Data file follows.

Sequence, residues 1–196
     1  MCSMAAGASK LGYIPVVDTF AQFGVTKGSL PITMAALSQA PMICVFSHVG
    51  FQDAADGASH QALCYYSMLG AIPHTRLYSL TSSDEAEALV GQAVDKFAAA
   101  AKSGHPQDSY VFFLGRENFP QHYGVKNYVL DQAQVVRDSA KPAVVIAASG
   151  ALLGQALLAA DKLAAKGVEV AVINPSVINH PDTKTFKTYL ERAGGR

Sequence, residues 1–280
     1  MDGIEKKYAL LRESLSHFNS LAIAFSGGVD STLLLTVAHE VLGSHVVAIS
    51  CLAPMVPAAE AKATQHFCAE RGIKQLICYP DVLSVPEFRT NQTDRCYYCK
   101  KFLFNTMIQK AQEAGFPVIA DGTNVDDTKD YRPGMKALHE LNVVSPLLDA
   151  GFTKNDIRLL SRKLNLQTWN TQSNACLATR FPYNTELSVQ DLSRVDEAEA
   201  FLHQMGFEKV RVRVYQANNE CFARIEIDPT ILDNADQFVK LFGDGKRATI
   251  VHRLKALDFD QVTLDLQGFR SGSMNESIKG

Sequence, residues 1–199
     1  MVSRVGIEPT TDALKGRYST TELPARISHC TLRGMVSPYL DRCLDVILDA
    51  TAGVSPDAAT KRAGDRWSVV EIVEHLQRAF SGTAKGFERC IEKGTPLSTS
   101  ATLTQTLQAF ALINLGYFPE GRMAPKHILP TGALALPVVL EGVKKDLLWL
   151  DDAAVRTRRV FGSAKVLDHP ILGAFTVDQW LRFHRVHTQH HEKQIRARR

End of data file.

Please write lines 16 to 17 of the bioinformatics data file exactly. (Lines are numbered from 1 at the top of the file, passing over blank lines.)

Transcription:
   101  ATLTQTLQAF ALINLGYFPE GRMAPKHILP TGALALPVVL EGVKKDLLWL
   151  DDAAVRTRRV FGSAKVLDHP ILGAFTVDQW LRFHRVHTQH HEKQIRARR